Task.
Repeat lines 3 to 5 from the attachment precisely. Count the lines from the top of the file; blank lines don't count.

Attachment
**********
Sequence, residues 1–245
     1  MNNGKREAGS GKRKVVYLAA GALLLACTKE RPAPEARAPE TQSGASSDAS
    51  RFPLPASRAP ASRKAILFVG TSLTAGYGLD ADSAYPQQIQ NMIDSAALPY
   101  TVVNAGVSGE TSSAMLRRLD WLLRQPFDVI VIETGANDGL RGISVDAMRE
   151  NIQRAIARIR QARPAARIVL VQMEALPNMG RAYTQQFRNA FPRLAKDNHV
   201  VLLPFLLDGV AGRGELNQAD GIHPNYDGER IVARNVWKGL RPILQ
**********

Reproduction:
    51  RFPLPASRAP ASRKAILFVG TSLTAGYGLD ADSAYPQQIQ NMIDSAALPY
   101  TVVNAGVSGE TSSAMLRRLD WLLRQPFDVI VIETGANDGL RGISVDAMRE
   151  NIQRAIARIR QARPAARIVL VQMEALPNMG RAYTQQFRNA FPRLAKDNHV